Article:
Use of a Portable Point-of-Care Instrumentation to Measure Human Milk Sodium and Potassium Concentrations

Anita Esquerra-Zwiers, Alexandra Vroom, Donna Geddes, Ching Tat Lai

Research output: Contribution to journalArticlepeer-review

4 Citations (Scopus)


Objective: Human milk (HM) sodium (Na) and potassium (K) concentrations, as well as the Na and K ratio (Na:K), are associated with stages of lactation and breast health. Portable point-of-care instruments to measure HM biomarkers related to secretory activation or tight junction disturbances would supply clinicians immediate information for individualized lactation care. This study compared HM concentrations of Na and K and Na:K measured by a biochemist with inductively coupled plasma optical emission spectrometry (ICP-OES) and measured by a clinician with ion-selective electrode probes (ISEPs). Design: HM samples (n = 92) were participant collected and donated on day 10 postpartum through a convenience sample of breastfeeding women in West Michigan. Na and K concentrations were determined using ICP-OES and ISEPs. Bland-Altman plots, paired sample t-test, and logistic regressions were completed using R 3.4.4 and R Studio 1.2.1335 with package Lattice. Results: Na concentrations were not significantly different with ICP-OES (13.0 ± 14.8 mM) and ISEPs (12.6 ± 13.7 mM, p = 0.06), whereas K concentrations (ICP-OES 16.1 ± 1.9 mM, ISEPs 14.4 ± 2.4 mM, p < 0.001) and Na:K (ICP-OES 0.81 ± 0.92, ISEPs 1.01 ± 1.62, p = 0.011) were significantly different. Between both methods, the Na, K, and Na: K linear relationships were statistically significant. Conclusion: With additional longitudinal and clinical usefulness research clinicians could use ISEPs to collect and interpret relevant lactation data to support individualized lactation interventions.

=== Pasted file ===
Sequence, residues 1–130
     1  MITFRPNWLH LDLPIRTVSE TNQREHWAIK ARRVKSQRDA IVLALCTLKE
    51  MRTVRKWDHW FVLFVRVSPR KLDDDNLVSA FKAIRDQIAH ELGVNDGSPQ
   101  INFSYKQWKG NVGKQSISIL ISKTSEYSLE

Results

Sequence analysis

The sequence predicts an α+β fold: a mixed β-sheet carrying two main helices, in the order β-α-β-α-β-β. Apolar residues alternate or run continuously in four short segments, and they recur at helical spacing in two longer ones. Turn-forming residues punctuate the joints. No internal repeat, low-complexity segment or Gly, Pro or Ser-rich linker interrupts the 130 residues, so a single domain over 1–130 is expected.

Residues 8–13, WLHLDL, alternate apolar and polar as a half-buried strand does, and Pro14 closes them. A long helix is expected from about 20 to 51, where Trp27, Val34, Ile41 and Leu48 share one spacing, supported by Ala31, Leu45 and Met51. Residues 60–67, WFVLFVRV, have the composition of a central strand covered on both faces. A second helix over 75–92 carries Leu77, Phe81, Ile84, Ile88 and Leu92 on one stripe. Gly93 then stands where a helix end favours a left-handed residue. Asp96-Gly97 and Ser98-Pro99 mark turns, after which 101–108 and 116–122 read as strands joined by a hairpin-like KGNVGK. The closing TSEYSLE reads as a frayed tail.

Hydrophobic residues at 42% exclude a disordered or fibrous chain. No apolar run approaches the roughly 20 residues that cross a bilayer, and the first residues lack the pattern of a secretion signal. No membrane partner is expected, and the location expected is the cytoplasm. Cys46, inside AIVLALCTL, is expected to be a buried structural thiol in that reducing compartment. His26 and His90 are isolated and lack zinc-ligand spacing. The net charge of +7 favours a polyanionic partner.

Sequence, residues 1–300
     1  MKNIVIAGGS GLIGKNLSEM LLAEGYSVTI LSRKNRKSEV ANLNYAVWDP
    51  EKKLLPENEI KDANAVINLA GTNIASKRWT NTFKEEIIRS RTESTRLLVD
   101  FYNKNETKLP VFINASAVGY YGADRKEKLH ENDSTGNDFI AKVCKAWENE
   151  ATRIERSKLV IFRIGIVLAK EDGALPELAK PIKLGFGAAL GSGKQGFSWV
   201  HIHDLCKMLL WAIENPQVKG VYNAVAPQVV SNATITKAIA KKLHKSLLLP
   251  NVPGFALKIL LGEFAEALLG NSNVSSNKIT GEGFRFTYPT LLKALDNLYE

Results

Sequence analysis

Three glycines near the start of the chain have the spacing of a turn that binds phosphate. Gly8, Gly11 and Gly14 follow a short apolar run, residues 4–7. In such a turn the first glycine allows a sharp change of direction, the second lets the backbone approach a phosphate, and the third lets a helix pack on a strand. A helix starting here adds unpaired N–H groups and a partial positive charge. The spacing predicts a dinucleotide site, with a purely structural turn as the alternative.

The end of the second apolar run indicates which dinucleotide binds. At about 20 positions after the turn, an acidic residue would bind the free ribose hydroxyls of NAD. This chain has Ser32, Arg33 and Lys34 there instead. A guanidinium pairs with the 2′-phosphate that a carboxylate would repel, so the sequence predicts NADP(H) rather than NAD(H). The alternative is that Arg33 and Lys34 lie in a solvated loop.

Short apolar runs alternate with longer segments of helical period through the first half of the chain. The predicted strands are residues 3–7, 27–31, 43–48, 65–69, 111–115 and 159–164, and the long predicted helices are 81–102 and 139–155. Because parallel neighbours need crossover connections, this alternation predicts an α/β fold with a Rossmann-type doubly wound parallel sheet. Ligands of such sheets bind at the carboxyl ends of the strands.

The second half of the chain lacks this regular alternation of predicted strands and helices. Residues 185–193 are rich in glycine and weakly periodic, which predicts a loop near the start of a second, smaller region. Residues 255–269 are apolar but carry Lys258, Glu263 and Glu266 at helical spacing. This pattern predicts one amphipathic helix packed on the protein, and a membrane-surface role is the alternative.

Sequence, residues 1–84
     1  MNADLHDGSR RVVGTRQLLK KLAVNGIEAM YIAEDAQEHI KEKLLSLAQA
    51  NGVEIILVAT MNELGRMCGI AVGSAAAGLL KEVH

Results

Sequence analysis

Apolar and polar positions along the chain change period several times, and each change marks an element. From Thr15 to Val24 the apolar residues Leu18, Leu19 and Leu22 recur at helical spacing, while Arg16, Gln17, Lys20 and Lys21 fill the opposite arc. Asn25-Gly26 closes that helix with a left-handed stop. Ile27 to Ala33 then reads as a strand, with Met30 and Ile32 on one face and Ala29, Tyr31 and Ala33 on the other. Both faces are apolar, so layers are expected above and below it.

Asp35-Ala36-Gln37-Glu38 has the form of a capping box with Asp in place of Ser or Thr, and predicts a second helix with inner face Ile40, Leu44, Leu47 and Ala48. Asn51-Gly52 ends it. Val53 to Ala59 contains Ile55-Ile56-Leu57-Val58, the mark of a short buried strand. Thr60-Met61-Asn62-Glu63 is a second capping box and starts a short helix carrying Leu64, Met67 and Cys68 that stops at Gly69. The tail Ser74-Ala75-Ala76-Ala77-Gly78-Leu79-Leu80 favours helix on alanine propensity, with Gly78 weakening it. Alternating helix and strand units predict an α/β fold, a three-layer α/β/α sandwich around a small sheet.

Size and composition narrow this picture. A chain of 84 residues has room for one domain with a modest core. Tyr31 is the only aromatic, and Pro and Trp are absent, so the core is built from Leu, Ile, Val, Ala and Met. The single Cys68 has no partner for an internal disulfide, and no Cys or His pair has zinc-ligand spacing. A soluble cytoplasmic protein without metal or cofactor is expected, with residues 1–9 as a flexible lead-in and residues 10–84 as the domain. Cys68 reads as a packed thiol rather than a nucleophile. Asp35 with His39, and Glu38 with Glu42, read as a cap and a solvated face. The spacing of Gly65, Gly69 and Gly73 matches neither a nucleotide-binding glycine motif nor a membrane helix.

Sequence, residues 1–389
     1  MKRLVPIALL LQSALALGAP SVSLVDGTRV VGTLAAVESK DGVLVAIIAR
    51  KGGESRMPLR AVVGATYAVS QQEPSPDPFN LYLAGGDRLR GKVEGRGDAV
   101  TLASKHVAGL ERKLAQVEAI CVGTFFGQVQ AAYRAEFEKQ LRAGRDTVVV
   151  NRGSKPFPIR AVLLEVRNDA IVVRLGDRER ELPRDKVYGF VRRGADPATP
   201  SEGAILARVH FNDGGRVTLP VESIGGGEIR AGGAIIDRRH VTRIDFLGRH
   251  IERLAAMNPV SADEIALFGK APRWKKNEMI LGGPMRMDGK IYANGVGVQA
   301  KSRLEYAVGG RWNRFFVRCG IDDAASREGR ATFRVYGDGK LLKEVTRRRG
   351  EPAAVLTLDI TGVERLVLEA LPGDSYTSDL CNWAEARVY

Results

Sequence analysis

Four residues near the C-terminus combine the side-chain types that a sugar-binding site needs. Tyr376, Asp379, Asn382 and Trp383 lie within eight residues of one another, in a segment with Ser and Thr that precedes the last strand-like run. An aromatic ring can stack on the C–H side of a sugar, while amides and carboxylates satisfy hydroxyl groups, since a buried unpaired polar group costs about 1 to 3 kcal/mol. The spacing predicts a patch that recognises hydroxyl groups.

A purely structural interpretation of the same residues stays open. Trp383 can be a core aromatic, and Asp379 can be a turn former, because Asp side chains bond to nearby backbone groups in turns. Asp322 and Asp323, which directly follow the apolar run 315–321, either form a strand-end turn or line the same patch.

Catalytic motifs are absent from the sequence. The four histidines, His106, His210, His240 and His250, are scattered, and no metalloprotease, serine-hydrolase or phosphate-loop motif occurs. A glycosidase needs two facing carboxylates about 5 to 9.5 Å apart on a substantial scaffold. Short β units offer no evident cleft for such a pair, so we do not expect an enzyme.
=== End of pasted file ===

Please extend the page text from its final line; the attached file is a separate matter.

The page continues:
Original languageEnglish
Pages (from-to)46-51
Number of pages6
JournalBreastfeeding Medicine
Issue number1
Early online date28 Jul 2021
Publication statusPublished - Jan 2022


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